It never ceases to amaze me the amount of food you can get in this town at a very reasonable price. Keep your eyes open, or listen to your colleagues, and value abounds.
My latest find was indeed thanks to my colleagues. As I was heading out for lunch recently, I heard them mention that they were headed to a nearby café for the third day in a row. That’s dedication and it obviously piqued my interest.
Lui’s Café is nestled near the highway just around the corner from Jaffe Road. I was shocked to hear from the two lovely proprietors that it has been around for six years. I hadn't bumped into it during my numerous wanderings, but considering its shoebox size that’s not much of a surprise. It seats about ten people snugly, and the whole operation consists of two burners. What it lacks in size it makes up for in efficiency. The kitchen turns out comfort classics for a pittance.
I’m partial to the beautifully roasted chicken lunch set for $35. It’s moist with a lovely crispy skin. You choose between salad, pasta, or baked potato to accompany it. While the pasta was a huge serving with fresh vegetables, the sauce was a bit sweet. Go for the baked potato. The size of a small football, it’s served with a heap of butter. It’s a huge portion that might make a return to work a challenge.
I’m also partial to a fresh piece of fish lightly breaded and served with the same choice of sides. And another item I unearthed is a perfectly toasted English muffin with smoked salmon, cheese, and baked beans. An unusual combination, but it works well.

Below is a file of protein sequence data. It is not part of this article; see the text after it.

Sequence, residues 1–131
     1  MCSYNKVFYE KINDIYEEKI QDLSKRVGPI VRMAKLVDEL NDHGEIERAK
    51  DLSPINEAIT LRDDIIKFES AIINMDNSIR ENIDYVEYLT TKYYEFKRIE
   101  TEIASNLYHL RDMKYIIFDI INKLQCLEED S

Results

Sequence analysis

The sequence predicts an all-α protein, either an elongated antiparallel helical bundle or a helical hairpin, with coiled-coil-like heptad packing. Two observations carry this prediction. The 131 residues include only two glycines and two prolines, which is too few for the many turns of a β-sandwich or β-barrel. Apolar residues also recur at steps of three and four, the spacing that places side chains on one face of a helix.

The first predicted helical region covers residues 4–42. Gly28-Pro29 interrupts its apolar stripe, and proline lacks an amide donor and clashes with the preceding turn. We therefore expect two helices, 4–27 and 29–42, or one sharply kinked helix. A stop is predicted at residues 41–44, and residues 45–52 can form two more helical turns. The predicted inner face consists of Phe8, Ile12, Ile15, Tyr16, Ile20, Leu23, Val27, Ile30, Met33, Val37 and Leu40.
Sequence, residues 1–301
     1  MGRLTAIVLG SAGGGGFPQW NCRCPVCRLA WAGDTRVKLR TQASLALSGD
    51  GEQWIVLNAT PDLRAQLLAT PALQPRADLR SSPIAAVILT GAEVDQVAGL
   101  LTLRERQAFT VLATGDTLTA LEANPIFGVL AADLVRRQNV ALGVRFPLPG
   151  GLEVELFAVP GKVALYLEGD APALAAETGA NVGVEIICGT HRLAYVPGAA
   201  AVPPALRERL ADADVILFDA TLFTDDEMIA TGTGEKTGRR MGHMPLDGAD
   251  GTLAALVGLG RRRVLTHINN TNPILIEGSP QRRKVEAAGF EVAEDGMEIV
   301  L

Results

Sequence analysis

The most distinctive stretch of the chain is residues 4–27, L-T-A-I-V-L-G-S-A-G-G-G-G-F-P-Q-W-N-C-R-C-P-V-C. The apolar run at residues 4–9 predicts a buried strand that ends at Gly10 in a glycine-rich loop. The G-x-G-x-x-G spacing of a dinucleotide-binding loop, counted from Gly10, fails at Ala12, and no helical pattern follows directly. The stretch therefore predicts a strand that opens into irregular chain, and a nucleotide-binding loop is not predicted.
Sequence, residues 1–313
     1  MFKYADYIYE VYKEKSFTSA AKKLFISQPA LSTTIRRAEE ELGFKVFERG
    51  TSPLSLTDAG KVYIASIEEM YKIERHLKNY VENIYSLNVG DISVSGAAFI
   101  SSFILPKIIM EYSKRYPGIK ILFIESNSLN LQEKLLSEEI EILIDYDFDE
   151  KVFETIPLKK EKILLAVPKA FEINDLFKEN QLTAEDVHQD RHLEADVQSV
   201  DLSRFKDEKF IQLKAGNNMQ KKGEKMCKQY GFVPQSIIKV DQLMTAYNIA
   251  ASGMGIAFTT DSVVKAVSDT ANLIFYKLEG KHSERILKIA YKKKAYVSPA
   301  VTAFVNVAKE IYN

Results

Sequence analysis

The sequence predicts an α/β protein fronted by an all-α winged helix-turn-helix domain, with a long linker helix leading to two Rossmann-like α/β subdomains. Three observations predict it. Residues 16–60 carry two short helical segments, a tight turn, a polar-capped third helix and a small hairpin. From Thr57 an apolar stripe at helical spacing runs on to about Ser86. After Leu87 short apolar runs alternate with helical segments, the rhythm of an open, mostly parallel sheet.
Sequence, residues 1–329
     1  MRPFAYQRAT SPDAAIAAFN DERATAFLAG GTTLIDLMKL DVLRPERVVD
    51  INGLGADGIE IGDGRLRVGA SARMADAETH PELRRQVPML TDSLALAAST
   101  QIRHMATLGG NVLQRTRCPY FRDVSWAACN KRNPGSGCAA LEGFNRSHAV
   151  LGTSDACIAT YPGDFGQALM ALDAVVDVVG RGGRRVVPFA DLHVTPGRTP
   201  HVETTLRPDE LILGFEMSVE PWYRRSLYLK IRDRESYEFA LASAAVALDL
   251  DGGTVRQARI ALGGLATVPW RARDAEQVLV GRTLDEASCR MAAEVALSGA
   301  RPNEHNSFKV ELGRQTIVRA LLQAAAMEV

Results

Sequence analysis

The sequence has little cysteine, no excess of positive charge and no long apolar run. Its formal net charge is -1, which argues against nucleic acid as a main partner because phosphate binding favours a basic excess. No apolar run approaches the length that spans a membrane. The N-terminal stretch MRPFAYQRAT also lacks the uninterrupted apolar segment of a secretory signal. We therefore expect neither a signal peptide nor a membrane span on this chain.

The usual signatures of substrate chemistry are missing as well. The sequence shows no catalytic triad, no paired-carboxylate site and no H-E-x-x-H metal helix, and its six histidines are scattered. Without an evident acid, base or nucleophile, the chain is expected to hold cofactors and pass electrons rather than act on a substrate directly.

The café also serves a wide range of sandwiches, salads, tea snacks, coffee, and a huge breakfast. I also saw some pizza specials and a nearby table laying waste to a waffle.
The genial ladies running the place make it that much more of a reason to go. They provide a friendly banter as you basically sit in their kitchen.
Lui’s Café is open during the week till 6 pm.
Shop 6B, G/F, Tung Wai Commercial Bldg, 22-26 Fleming Rd, Wan Chai.
Disclosure: Ryan Andrews is a sales executive for Time Out Hong Kong and he pays for all his meals. His sales job has no sway over his coverage in this blog.
With all the nooks and crannies in Hong Kong, it’s not surprising there is a plethora of dining speakeasies scattered around town. They exist in just about every neighborhood and at every price point. They’re a great place to take visitors, especially when you lead them down what is usually a shady hallway in a nondescript building. It’s always fun to see the uneasiness in their eyes, an uneasiness that changes to pleasure once they sit down to the tasty and inexpensive food.
Mama Chau’s meets the definition of a speakeasy in regards to the setting and the food. The surprising thing is the ramshackle building sits right next to Al’s Diner in the middle of Lan Kwai Fong. Take the rickety elevator to the 5th floor and you’re more or less in someone’s living room. It’s great to get into an elevator with a bunch of people and only press one button as everyone is going to the same place. Mama Chau’s has about 15 tables and draws a large lunch crowd. Calling ahead might not be a bad idea.
True to its name, the food comes out fiery hot and happily isn't toned down for Westerners. The lunch menu features about 15 items. They range from chicken and beef to more exciting items like sliced pig ear. It’s a festive atmosphere as the local office workers pass dishes back and forth. The dishes are made for sharing and could pass as Chinese tapas.
I opted for the wontons in spicy chilli oil, marinated cucumbers, and spicy chili chicken. The wontons were piping hot and came five to an order, the cucumbers had ample crunch, and the chicken was fork tender and covered in spicy chili. I was expecting to have to eat around bones in the chicken but each morsel was flesh only and maintained its flavour. Must have been all the chili oil. People around me were slurping noodles with spare ribs, although the chicken looked like one of the more popular items.